There is optimism for construction workloads in the UK, despite uncertainties around Brexit weighing on investment decisions, and various market constraints, according to the results of the Q4 2017 RICS Construction and Infrastructure Market Survey.
- Only 12% of respondents expressed any confidence in Government strategy succeeding to hit housing target
- Brexit uncertainties continue to weigh on investment decisions
- Outlook for workloads and employment growth improves amid ongoing capacity constraints
In Q4 2017, 21% more chartered surveyors reported their workloads to have risen despite financial constraints, labour shortages and planning delays remaining key impediments to growth with 80%, 60% and 60% of surveyors reporting difficulties with each, respectively. Comments from some respondents suggest that stricter conditions being placed on firms by financial institutions are limiting growth, which most likely reflects increased caution given cyclical market conditions and Brexit considerations.
The lack of sufficiently skilled workers also remains an obstacle for many businesses, particularly with regard to professional services such as quantity surveying – only in 2007 had the share of contributors highlighting this as a concern been higher.
Also measured in the Q4 2017 survey was an assessment of how contributors feel about the wide range of policies included in the Autumn Budget and Housing White Paper to lift housing delivery to 300,000 units per year. Nationally, only 12% of respondents expressed any confidence in the overall strategy succeeding while the remainder were evenly divided between a lack of confidence or being unsure.
Looking at specific policies, a £1.1 billion fund to unlock strategic sites, including new settlements and urban regeneration schemes, was viewed by far as the most effective to boost housebuilding (37%). This was followed by lifting Housing Revenue Account borrowing caps for councils in high demand areas (18%) and adding £2.7bn to the Housing Infrastructure Fund (16%).
Despite the constraints that firms have been facing recently, chartered surveyors remain optimistic about the outlook for the year ahead. The RICS survey is forward looking in comparison to official data, and net balances of 48% and 35% of respondents expect workloads and employment levels, respectively, to continue to rise over the coming 12 months.
Pace of growth
Workloads are now reported to be increasing across all geographic regions, particularly in the Midlands and North. Over the past year or two, however, the pace of growth in the infrastructure sector has slowed noticeably in Scotland with surveyors now reporting the first decrease in activity since Q3 2016. This has been somewhat offset by an improvement in workloads in Northern Ireland.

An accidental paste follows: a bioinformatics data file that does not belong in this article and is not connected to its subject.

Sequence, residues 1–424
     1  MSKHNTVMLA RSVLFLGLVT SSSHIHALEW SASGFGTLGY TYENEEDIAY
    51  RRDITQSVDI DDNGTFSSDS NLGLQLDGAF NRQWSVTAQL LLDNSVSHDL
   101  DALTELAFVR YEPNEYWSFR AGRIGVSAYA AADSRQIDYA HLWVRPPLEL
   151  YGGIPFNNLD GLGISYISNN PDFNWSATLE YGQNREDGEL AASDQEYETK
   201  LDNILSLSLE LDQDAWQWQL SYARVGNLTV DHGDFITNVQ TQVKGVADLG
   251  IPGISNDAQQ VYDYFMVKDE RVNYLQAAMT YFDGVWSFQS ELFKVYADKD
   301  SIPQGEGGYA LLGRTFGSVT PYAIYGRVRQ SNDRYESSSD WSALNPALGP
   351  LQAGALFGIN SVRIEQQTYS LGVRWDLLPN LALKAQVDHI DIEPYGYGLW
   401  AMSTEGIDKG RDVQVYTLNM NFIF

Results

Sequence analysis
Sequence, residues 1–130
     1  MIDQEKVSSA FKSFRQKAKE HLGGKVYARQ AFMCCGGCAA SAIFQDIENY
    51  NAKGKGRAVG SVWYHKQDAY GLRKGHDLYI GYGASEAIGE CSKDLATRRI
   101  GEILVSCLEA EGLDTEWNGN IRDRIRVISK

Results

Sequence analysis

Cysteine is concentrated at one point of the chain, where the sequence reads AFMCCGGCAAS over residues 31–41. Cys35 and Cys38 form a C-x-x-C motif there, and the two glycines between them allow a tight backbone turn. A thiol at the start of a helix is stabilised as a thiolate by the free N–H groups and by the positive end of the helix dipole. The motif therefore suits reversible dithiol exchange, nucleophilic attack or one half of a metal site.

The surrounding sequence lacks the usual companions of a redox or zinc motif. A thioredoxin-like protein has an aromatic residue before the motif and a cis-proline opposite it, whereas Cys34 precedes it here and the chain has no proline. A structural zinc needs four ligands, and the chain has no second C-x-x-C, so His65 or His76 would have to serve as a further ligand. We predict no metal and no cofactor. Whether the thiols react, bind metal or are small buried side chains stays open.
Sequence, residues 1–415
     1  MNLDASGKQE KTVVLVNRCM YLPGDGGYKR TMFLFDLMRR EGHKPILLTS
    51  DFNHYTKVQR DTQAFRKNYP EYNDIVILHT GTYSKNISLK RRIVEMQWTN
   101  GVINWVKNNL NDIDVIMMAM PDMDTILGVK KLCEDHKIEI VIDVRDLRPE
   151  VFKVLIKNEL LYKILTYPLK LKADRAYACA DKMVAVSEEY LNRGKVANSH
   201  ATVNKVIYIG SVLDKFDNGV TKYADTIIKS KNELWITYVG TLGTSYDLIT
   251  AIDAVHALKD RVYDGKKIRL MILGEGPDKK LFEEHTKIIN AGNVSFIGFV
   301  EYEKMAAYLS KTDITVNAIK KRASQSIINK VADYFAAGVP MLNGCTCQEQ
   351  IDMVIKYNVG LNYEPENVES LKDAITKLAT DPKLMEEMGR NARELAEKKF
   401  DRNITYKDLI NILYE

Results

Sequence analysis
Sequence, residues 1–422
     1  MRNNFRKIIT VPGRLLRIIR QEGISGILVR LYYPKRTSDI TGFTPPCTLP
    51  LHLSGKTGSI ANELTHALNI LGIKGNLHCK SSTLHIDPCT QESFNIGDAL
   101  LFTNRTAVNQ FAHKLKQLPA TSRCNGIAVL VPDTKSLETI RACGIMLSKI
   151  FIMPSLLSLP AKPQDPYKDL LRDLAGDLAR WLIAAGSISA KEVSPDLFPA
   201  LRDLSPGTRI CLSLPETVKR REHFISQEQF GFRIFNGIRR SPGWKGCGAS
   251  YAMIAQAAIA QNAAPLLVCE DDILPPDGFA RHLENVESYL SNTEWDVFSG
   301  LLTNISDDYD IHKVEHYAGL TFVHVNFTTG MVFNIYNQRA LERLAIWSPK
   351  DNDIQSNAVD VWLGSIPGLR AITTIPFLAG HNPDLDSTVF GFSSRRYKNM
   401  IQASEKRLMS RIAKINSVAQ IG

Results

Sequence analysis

Higher input costs and a shortage of labour continue to restrict growth in profit margins, with a net balance of +12% of respondents expecting a rise in margins over the coming year, unchanged from the previous quarter. This is likely to have impacted tender pricing as well, with 56% more respondents in both the building and civil engineering areas envisaging greater price pressures.
Jeffrey Matsu, RICS Senior Economist said “Activity in the construction and infrastructure sectors continues to expand despite uncertainties related to Brexit and recent market events. While expectations for the year ahead remain positive, surveyors express very limited faith in the government’s national strategy to deliver on its revised housing delivery target. Capacity constraints notwithstanding, the ability of the sector to contribute more sustainably to economic prosperity will depend largely on more coherent policies addressing issues ranging from workforce development to local planning and permissioning.”
Lewis Johnston, RICS Parliamentary Affairs Manager added “with only 12% of respondents confident that the Government’s overall housing strategy is sufficient to meet housebuilding targets, it’s clear more radical action is needed. As we said at the time of the Autumn Budget, the smorgasbord of policies set out by the Chancellor did not amount to the fundamental step-change we need to really shift the dial on housing.
“In practical terms, the Government should go further with the policies respondents felt will be most effective, such as the £1.1 billion fund to unlock strategic sites. In addition to the partial lifting of the Housing Revenue Account borrowing cap, councils should also be given the tools they need to build, including more access to funding and a pipeline of suitable land. The fact that 60% of survey respondents cited labour shortages as a serious constraint to growth underlines to need to tackle skills shortages in construction, and move the sector towards higher-tech, less labour intensive production methods.”